As mentioned, Van Eyck also used peacock feathers in addition to rainbow coloring, serving to further enrich the Annunciation’s symbolic program. Due to their opulent plumage and noble associations, peacocks have represented the idea of immortality since pagan times. This mythological symbolism was later adopted into Catholic tradition and was discussed by authors such as St Augustine who treated the subject in his book City of God. Furthermore, medieval bestiaries added to the symbolic importance of peacocks by associating the “eyes” on peacocks’ tail feathers with immortality and the all-seeing eye of God his church. While rainbow colored wings are consistently used in Van Eyck’s annunciation and adoration scenes, peacock feathers are not. Nevertheless, it is interesting to note that Van Eyck only used peacock feathers together with rainbow colored wings. This is significant because both these symbols refer to the idea of royalty, resurrection, renewal, and the last judgment. In the Annunciation, for example, the peacock coloring in Gabriel’s wings remind the viewer of the immortality offered to those who, after living righteous lives, will overcome the grave and be judged worthy by Christ (at the rainbow throne) to enter into heaven. In Van Eyck’s other paintings that feature rainbow coloring and peacock feathers, such as the Virgin and Christ With Chancellor Rolan, these overlapping symbols are used in much the same way. In the painting of Chancellor Rolan adoring the Virgin and Christ, both the peacocks in Mary’s garden and the cherub’s peacock wings refer to both Christ’s and Mary’s royalty as well as to Christ’s resurrection and victory over death.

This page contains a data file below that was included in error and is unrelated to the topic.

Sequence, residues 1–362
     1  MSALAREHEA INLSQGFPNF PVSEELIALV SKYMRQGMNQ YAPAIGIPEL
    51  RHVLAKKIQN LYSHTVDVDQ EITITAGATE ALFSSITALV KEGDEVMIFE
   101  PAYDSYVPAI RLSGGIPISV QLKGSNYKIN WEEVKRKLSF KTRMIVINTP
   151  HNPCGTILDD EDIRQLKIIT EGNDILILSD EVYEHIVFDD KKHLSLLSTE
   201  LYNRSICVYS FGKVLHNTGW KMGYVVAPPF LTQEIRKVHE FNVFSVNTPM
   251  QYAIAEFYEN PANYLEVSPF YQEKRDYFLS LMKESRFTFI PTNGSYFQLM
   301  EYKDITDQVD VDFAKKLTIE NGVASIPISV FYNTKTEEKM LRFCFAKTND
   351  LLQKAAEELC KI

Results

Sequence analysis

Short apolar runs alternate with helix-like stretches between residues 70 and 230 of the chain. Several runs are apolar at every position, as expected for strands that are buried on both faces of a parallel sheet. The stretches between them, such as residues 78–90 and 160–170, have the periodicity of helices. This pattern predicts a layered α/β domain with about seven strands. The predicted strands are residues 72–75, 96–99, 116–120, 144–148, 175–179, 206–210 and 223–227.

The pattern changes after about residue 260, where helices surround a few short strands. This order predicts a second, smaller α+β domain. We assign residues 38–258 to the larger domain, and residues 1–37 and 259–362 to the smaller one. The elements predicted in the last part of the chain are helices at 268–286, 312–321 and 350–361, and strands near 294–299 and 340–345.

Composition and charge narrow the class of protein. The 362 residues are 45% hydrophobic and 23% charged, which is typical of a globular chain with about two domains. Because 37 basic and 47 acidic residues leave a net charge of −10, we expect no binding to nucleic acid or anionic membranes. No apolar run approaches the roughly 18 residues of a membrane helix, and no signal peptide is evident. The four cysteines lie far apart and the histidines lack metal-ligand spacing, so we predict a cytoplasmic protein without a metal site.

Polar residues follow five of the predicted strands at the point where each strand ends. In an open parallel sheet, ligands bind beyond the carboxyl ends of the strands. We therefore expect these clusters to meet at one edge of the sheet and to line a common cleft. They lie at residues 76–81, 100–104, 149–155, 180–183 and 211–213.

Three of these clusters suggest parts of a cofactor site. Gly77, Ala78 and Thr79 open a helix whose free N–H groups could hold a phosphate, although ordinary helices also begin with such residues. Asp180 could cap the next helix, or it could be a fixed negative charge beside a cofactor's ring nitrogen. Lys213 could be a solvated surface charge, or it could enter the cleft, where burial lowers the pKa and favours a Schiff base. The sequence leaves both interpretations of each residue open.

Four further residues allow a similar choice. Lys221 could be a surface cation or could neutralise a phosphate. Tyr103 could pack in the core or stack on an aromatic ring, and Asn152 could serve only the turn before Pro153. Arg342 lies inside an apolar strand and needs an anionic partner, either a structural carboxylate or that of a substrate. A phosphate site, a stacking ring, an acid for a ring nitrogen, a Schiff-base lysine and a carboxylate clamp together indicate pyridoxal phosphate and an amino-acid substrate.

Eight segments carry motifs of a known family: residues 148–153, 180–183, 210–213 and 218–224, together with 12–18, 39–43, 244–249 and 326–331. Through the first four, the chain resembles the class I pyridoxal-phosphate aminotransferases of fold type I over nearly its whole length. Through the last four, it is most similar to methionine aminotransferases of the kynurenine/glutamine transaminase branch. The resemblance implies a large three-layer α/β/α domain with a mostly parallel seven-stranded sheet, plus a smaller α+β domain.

Van Eyck’s understanding of iconography allowed him to harmonize the Archangel Gabriel’s wings into the Annunciation’s already complex symbolic program. This symbolism easily fits into the painting’s iconography because it continues the painting’s theme of connecting the Old Testament with the New Testament. Additionally, the wing’s symbolism takes the Annunciation’s symbolism a step further by referring to the major events at the end of Christ’s ministry – namely his resurrection and eventual return at the Last Judgment. By doing so, Van Eyck depicts in one painting the events foretelling the annunciation, the annunciation itself, and Christ’s future role as the redeemer and judge of the world.
- Hand, John Oliver, Jan van Eyck’s Annunciation, Washington D.C: National Gallery of Art, 1994.
- Still, Gertrude Grace, A Handbook of Symbols in Christian Art, New York: Macmillan and Company, 1975.
- Ward, John L., “Hidden Symbolism in Jan van Eyck’s Annunciations” The Art Bulletin no. 12, Oct 1990.